HPTLC was performed using the method described by Załuski et al. [12]. Si60 HPTLC F254 plates and the following mobile phases were used: chloroform : methanol : water 70 : 30 : 4 v/v/v for the ethanol extracts and chloroform : diethyl ether 1 : 1 v/v for the chloroform extracts. The plates were developed for a distance of 90 mm. After drying at room temperature, the plates were dipped into the solution of AChE or BuChE (5 s) and next into Ellman’s reagent, redried, and incubated for 30 min at 37°C in humid atmosphere. Subsequently, the chromatoplates were immersed for 5 s in the dipping solution of substrates (acetylthiocholine). After 3 min, white spots for AChE and BuChE inhibiting compounds should be detected on a yellow (in Ellman’s reaction) background. The enzyme activity was 5 U/mg protein, and the concentration of ACh and BuCh was 15 mmol, DTNB (0.15 mmol).

2.7. HPTLC Screening for Antioxidants: Direct Bioautography (DB) Technique

TLC was done according to the method of Załuski et al. [12]. Briefly, TLC was performed on 10 cm × 20 cm glass Si60 plates using chloroform : methanol : water 70 : 30 : 4 v/v/v for the ethanol extracts and chloroform : diethyl ether 1 : 1 v/v for the chloroform extracts. The plate was developed for a distance of 90 mm. The plate was dried at room temperature for 20 min. After this time, the plate was immersed into 0.5% DPPH solution for 5 sec. Active compounds appeared as yellow-white spots against a purple background. White spots were visualized under day light after 1 min, 30 min, 1 h, 2 h, 5 h, 10 h, and 24 h.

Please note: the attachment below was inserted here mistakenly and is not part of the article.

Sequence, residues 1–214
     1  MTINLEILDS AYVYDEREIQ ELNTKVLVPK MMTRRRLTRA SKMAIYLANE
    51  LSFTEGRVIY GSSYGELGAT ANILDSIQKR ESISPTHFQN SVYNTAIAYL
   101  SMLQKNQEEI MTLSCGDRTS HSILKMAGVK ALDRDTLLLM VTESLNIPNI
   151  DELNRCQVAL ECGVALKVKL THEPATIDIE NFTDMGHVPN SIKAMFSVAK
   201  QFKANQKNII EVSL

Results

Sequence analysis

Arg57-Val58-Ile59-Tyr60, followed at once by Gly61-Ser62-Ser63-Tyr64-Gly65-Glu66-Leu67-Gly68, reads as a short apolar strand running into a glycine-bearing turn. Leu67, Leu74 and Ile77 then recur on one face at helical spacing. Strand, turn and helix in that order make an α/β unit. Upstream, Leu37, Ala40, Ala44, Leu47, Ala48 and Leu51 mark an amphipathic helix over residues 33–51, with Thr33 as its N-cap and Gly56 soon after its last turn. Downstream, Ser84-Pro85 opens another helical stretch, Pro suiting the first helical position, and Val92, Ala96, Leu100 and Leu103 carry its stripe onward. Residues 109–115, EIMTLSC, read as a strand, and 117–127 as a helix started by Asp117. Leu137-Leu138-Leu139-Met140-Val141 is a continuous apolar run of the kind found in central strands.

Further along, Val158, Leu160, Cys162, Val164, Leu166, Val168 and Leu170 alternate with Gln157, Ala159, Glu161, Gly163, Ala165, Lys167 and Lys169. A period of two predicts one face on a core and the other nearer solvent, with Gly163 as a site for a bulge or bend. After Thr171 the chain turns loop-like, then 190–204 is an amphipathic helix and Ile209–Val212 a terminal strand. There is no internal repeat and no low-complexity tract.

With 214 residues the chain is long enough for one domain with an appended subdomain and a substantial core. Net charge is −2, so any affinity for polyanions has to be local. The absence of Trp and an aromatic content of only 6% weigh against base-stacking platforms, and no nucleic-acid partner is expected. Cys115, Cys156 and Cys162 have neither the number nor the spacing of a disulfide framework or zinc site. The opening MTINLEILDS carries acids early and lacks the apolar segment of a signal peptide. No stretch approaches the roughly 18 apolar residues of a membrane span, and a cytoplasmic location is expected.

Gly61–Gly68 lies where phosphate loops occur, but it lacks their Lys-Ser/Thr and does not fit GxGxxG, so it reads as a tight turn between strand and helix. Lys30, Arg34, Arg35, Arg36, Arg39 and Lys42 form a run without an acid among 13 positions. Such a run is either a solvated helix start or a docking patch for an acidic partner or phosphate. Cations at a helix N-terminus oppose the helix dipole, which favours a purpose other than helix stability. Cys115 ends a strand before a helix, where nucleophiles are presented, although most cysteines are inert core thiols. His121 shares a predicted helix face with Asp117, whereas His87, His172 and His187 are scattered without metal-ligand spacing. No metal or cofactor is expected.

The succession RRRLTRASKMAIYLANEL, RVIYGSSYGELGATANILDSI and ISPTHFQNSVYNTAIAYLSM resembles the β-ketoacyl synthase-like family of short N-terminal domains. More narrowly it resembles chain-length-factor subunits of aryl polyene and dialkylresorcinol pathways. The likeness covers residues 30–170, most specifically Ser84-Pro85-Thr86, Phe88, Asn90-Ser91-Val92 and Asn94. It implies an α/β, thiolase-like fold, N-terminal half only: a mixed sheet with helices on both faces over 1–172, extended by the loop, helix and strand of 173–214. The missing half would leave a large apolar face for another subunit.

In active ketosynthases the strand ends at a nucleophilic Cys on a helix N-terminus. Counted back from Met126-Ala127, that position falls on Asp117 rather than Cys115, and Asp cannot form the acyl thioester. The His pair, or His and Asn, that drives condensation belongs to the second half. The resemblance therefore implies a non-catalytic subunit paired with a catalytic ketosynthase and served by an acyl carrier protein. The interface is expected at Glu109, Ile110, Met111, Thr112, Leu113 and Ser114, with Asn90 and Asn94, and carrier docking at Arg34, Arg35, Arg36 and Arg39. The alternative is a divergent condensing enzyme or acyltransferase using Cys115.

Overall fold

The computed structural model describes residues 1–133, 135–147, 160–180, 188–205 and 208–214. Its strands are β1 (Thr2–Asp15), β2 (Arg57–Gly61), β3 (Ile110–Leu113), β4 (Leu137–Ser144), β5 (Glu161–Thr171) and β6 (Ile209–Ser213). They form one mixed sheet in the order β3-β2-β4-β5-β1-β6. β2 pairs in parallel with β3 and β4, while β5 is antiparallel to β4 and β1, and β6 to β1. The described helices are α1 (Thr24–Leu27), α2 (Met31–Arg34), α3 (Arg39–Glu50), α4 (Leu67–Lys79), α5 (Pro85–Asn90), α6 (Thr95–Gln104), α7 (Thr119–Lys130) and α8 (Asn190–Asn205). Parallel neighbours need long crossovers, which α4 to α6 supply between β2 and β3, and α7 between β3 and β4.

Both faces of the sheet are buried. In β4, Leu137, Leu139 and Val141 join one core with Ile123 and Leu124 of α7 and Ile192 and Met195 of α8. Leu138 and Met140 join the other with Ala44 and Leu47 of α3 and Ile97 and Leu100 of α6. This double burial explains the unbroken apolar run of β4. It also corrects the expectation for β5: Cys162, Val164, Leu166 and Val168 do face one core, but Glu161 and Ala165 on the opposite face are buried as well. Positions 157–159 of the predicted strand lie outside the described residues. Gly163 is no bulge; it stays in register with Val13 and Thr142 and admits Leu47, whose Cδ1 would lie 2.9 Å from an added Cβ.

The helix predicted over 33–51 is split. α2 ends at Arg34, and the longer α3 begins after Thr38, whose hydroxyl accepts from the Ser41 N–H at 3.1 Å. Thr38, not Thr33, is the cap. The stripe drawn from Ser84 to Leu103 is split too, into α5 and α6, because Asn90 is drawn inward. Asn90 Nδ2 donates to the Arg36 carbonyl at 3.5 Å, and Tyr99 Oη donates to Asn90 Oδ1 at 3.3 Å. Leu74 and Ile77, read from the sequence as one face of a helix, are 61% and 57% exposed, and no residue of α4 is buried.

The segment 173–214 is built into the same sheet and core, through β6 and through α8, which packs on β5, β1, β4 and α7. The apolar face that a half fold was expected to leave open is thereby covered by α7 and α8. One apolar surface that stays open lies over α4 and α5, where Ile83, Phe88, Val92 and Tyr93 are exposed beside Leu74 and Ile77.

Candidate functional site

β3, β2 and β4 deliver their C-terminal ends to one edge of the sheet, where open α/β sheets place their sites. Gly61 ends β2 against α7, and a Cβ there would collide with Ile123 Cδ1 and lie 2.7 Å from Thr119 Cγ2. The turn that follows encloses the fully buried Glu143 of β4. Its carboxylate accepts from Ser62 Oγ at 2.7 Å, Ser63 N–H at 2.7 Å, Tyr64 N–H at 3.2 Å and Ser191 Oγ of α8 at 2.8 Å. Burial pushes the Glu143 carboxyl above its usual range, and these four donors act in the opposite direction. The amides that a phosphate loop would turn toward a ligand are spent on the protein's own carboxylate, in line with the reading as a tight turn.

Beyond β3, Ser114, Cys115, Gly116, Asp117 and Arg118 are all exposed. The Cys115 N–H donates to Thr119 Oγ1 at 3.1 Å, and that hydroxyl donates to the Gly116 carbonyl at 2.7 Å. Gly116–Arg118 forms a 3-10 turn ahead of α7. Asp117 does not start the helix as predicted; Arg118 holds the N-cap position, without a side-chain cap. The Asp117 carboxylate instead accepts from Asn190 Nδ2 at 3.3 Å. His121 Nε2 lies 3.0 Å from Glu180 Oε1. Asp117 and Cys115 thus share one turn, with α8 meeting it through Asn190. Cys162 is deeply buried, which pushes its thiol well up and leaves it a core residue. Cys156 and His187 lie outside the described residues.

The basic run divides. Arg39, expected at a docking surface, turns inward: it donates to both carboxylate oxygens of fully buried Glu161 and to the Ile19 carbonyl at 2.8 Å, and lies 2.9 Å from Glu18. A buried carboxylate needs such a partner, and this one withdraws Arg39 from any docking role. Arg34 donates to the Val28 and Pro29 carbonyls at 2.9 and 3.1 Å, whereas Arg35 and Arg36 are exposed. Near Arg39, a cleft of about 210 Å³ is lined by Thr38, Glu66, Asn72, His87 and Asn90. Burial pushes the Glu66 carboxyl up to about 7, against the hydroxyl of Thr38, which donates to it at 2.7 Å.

2.8. Statistical Analysis

Determinations were performed in triplicate. The obtained data were subjected to statistical analysis using Statistica 7.0. (StatSoft, Cracow). The evaluations were analyzed for one-factor variance analysis. Statistical differences between the treatment groups were estimated by Spearman’s () and Pearson’s () test. All statistical tests were carried out at a significance level of .

3. Results and Discussion

3.1. Antienzymatic Activity

Various studies were performed concerning anticholinesterase activity of plant extracts or isolated compounds; however, up to now, most of the studies were focused on anti-AChE activity, not BuChE. Some of them are used to minimize the symptoms of neurodegenerative disorders, such as AD. Presently, several referenced natural acetylcholinesterase inhibitors are known, including physostigmine, galantamine, and huperzine A. The best known natural inhibitor of AChE is pyrroloindole alkaloid physostigmine isolated from Physostigma venenosum. Unfortunately, its use is limited due to poor intestinal absorption in humans. Another alkaloid, galantamine (Reminyl), isolated from Galanthus nivalis and Leucojum vernum is the additive to drugs used for the treatment of AD and was also licensed for use in early stages of AD in 2001. Their ingredients include plants extracts or pure isolates. A large number of alkaloids have been found to inhibit in vitro AChE. Studies on a variety of alkaloids have been performed focusing mainly on AChE activity, not BuChE. However, BuChE plays an important role as AChE, and the inhibition of just AChE can lead to a compensation mechanism and increased activity of the other one [6, 18]. Therefore, there is a need to search for inhibitors not only of AChE, but also of BuChE. Apart from enzymes activity, the second factor having an impact on neurodegenerative diseases is oxidative stress, which leads to neuronal damage.